Clinical supervision is described by some authors as a process which mainly focuses on the improvement of practice, on the therapeutic outcome as well as on promotion of professional development [146,147]. Nevertheless, professional development passes through support, reflection and personal development. According to NHS, staff needs to feel sustained and secure [148] without blaming, in order to report errors and learn from them. When evaluation is present, practitioners need to show their best parts and not their weak stuff [149] Therefore, supportive clinical supervision needs not to be confused with managerial supervision which is an assessment tool in organizational contexts and has to be a separate function [150-152].

Supportive clinical supervision often raises the need for deeper work and passes the border between clinical supervision and practice of psychotherapy. Patterson [153] argues that the aim of supervision in the person-centred model, although is not a therapy by definition, it becomes therapeutic through the supervisee-supervisor relationship. Launer [154] goes ahead by asking rhetorically “Why shouldn’t we conceptualise supervision in medicine as primarily therapeutic in its purpose?” When the story narrated by the patient is recreated by the practitioner in supervision, the difficulties are reviewed, mistakes that make feel guilty are reexamined and underlying interpretations are clarified, thus creating a safe context for conceptualization of the case [148,155,156]. Narrative supervision [157,158] is appropriate for reflective practice, ethics discussion and personal development, which will also produce a better medical outcome for the patient [159-161]. In this context the Person Centred and Focusing Experiential Model can create the appropriate climate so that the supervisee can develop his own internal objectivity.

Today’s programmes are mostly focused on supervising GPs and do not include specialised doctors and physicians serving in hospitals. Their nature is educative or focused to the patient doctor relationships. This fits well with younger physicians and trainees. But in our opinion, a different kind of supervision is appropriate for more experienced and senior colleagues.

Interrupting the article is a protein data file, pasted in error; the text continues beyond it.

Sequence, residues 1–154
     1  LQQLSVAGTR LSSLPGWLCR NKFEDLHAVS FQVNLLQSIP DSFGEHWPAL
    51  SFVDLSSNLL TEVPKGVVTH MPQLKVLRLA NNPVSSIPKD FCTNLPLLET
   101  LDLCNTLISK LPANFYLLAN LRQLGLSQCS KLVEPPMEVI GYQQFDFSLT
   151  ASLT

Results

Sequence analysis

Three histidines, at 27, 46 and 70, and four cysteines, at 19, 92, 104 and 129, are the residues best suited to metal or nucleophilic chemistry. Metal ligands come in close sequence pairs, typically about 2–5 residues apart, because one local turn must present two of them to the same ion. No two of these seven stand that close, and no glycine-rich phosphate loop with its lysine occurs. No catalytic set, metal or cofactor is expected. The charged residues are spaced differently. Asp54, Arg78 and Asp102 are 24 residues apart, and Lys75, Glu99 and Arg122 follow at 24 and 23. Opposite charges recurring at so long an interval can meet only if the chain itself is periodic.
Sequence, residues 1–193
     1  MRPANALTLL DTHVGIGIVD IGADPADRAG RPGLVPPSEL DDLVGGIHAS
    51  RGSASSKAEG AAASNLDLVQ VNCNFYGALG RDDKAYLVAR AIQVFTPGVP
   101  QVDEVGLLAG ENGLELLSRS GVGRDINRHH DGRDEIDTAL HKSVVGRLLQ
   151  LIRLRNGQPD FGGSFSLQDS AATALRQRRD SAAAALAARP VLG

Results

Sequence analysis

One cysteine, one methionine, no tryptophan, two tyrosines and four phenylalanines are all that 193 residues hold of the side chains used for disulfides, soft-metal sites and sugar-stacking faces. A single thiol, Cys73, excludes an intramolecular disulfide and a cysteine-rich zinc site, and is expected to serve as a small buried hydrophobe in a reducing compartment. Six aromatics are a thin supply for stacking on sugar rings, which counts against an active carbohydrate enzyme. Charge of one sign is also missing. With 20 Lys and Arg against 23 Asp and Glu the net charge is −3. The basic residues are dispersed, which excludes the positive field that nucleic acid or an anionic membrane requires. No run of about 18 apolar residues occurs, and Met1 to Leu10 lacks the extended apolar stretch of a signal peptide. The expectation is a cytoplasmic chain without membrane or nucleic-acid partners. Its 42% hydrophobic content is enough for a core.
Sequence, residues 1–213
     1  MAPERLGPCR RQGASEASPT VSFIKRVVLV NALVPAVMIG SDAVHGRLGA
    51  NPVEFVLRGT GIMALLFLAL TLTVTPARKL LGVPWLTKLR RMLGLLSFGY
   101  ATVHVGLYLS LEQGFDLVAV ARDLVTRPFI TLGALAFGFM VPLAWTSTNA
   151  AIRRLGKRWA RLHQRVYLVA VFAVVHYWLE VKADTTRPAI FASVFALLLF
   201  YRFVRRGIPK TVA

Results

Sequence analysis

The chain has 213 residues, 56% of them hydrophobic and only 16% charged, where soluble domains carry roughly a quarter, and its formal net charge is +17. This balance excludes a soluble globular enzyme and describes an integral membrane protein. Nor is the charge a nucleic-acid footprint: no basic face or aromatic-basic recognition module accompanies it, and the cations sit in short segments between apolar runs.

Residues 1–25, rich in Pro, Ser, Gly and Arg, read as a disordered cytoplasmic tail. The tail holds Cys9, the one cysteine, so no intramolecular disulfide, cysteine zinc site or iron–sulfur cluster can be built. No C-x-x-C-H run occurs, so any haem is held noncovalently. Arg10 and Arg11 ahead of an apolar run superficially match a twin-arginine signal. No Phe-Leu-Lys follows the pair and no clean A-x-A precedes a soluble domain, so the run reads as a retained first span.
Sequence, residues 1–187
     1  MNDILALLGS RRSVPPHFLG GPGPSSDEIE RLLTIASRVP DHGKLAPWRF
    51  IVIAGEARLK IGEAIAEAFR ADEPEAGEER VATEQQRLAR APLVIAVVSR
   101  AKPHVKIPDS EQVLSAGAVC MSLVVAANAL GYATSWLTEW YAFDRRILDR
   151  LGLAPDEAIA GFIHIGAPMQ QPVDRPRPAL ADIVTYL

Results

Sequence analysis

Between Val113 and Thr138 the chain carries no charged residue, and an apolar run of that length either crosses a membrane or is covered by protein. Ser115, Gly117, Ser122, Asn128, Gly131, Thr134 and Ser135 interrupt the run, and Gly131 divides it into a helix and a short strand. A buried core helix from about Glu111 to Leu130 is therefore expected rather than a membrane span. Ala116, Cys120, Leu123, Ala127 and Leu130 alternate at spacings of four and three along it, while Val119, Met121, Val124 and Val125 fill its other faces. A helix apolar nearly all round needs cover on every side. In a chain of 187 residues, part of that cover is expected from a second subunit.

A supervisory model for medical settings

The model we propose has its focus on the doctor and the relationship between the doctor and the supervisor. The supervisor takes care of the relationship which nurtures the professional and personal development of the supervisee. Moreover, it is through parallel process that the therapeutic relationship with the patient and the health outcome can change.

Owen and Shohet [12] argue that “while recognizing that there is a legitimate fear of ‘supervision for supervision’s sake’, we must also recognize that there is a reluctance to look at things closely in case we do not like what we see’.

Henderson [162] (p.87) reports that “approximately 70% of consultations with GPs entail symptoms without a primarily biomedical explanation and a very small percentage of them is referred for counselling”. Within this percentage there are very often ‘heart sink’ patients with ‘heavy’ medical files and obvious psychic distress which is somatised by creating physical symptoms. A lot of them are convinced to be seriously ill and even have unrealistic expectations of the physician. Patients have often neurotic illness with repressed desires and fears [134] and their requests often provoke negative feelings in practitioners [120,163]. Some of them provoque an automatic reaction in the practitioner’s body and mind, as if they have pushed a secret button [8], which can lead clinicians to stress, to change of professional behaviour and to burnout [164-167]. Balint [133] used to say that such patients need a dose of ‘the doctor as a drug’.

Such issues can cause us problems; they can generate greater perceived workload, lower job satisfaction, anhedonia and boredom, thus influencing the quality of our work. Health practitioners have sometimes a hard time and feel insecurity to acknowledge their limits and lack of knowledge [168]. Our view concerning the needs for a more reflective and philosophical approach in clinical, is described below.


Often, what is said by the patient touches a vulnerable side, a hidden aspect of the practitioner and provoques painful reaction and resistance in order to accept it. In nature, action brings reaction and force produces reverse force [169,170], so resistance is a natural phenomenon.